STUNTMAN DOES HIS OWN ACTING
STORY: Michael Jacobs
PHOTOS: Sara Hanna
Detroit native Matt Philliben, 34, moved to Atlanta almost five years ago when Michigan ended its tax incentives and thus most film production. “This is the hub of all filmmaking,” says the Buckhead resident. “I wanted to be where the action was.”
Emphasis on action. You’re as likely to see Philliben using his training in 10 types of martial arts as his degree in film and theater from Western Michigan University in movies such as John Wick: Chapter 3 and TV series such as Chicago P.D.
Did you always want to be an actor and stuntman?
I was always fascinated with films. When I was little, I would watch movies like Point Break and Hooper, movies that had a lot of action, so that enticed me into that realm. Then when I was older, I saw movies like The Godfather, and I wanted to be an actor. It’s just always been my obsession. You have to be really passionate about it to be good at it, especially with how competitive this industry is.
Have you ever been close to giving it up?
I can’t say I’d ever quit because I’ve wanted to do it since I was 4 years old. It’s definitely been stressful at times, especially in the beginning. The schedule is pretty hectic. You work 12-, sometimes 20-hour days when you’re on film sets.
What’s your edge?
I think it’s the duality of having professional training in acting and also the fact that I’m not afraid to jump off a building and hit the ground hard. It’s kind of that daredevil attitude I have.
Do you take different paths to acting and stunt jobs?
You’ll get auditions through a talent agent or something like that for a theatrical role. With stunts, it’s more about submitting your stunt reel or sending in your headshot and résumé. But they do sometimes intersect. I had a role on Chicago P.D. at the beginning of this year, and they brought me back to double one of the actors.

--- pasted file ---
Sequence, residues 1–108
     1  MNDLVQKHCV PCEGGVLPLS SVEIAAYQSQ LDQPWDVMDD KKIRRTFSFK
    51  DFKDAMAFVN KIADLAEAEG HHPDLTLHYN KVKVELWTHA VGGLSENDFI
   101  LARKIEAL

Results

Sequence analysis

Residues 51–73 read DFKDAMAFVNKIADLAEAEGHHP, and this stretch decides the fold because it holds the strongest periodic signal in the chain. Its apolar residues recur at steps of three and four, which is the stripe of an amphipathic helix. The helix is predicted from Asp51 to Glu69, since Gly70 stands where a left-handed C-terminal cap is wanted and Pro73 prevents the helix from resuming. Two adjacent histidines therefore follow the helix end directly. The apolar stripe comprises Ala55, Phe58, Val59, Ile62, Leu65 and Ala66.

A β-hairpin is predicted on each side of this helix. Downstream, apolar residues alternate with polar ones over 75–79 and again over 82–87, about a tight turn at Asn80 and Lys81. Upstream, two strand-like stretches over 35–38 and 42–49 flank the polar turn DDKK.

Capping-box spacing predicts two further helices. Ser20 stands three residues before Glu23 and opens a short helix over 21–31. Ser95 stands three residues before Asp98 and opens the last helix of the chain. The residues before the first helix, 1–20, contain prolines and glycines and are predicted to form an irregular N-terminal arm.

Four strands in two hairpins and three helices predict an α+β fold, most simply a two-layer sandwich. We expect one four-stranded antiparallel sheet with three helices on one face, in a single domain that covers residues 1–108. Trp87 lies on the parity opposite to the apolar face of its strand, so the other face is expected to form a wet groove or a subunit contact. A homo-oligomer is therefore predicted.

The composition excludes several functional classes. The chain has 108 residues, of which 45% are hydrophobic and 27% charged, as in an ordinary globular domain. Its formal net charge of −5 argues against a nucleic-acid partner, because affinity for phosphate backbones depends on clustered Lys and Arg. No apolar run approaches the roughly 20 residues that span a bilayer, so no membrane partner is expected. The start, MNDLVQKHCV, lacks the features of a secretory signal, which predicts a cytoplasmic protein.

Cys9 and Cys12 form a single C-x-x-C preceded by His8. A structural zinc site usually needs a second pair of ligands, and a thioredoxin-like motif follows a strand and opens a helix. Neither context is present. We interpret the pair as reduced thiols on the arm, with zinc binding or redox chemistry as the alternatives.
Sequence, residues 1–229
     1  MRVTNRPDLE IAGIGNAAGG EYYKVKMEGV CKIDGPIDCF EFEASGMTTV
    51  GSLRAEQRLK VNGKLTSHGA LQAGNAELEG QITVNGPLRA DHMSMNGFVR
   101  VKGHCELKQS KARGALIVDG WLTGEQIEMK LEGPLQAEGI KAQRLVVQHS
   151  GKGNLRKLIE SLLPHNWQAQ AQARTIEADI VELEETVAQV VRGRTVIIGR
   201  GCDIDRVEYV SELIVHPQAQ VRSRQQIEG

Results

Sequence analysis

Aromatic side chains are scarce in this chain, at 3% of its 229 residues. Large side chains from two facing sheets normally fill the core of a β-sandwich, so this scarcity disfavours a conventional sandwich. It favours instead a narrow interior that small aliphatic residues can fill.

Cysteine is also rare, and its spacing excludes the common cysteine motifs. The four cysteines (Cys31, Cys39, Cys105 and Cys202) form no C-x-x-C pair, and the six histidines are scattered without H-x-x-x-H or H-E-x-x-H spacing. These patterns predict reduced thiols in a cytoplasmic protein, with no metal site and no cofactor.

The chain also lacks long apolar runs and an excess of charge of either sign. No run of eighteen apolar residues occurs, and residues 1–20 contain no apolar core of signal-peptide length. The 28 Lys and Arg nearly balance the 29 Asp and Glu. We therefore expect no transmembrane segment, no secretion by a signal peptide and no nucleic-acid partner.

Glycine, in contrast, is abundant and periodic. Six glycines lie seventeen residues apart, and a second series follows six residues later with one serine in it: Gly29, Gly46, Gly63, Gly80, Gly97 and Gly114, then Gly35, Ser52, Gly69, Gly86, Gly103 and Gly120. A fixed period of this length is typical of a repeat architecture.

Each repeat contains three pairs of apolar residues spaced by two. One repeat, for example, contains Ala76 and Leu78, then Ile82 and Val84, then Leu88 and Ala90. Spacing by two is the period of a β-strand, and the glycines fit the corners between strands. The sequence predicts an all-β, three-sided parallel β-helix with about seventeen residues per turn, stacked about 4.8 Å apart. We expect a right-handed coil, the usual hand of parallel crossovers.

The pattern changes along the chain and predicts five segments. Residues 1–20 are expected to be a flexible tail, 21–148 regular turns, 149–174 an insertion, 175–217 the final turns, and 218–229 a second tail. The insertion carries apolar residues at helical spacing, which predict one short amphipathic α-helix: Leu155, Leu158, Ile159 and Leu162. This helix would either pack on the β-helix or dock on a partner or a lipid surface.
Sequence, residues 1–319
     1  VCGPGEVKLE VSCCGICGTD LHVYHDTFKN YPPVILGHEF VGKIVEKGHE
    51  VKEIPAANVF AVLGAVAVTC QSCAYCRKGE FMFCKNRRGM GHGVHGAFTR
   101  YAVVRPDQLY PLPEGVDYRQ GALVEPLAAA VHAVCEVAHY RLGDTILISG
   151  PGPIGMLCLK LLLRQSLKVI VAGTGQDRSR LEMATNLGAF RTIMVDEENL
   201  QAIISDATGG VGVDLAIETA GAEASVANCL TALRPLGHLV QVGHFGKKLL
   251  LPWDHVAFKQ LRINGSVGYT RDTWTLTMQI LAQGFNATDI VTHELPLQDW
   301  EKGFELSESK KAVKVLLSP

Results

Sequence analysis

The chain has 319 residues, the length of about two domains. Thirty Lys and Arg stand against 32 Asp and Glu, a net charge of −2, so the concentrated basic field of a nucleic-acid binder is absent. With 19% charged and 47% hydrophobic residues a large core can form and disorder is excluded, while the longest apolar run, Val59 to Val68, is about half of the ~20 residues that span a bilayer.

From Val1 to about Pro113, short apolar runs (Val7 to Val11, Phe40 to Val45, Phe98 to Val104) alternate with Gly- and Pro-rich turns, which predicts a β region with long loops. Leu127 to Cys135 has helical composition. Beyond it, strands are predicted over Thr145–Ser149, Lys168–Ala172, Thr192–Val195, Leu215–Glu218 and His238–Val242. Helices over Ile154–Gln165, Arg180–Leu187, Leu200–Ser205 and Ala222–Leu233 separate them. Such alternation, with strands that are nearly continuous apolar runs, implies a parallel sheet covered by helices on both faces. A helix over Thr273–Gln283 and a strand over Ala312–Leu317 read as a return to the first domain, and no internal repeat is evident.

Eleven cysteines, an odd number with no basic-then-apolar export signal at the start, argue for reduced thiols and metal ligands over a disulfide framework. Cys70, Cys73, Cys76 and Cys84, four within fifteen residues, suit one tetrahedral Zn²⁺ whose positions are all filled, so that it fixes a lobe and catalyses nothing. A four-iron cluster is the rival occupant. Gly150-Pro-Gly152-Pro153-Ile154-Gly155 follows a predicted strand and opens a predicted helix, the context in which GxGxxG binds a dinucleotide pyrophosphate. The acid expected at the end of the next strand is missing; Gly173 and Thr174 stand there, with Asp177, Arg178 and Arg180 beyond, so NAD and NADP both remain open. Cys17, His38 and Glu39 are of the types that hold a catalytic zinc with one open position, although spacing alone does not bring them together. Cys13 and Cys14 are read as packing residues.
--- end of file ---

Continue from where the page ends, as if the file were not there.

What’s a stunt you’re proud of?
In Transformers: The Last Knight, I got swatted by Optimus Prime. I was on a big stage and did a ratchet, which is where you have a harness on underneath your wardrobe and you have a line attached to it. The operator of the ratchet presses a button, and the line sucks the performer back to simulate getting hit by something massive. You watch it in the movie, and the robot hits me, and I get flung through fire and into the air.
How long can you do stunt work?
There’s a guy named Gene LeBell who’s in his 80s who’s still doing stunts. I guess it’s how you take care of yourself and your desire to keep doing it. I’m going to be doing this until I’m in a nursing home.
What’s your goal?
It’d be nice to be at the top of my game in terms of being a stunt coordinator or being an actor, have bigger roles and just kind of ascend that totem pole. But ultimately, I just want to keep working and be happy. In this industry, you’re never promised that next role or that next stunt job. You just have to keep working hard and hustling, and hopefully things work out in your favor.
Jack-of-all-trades writer covering almost anything but beauty and fashion at Simply Buckhead; fond of flamingos and sloths.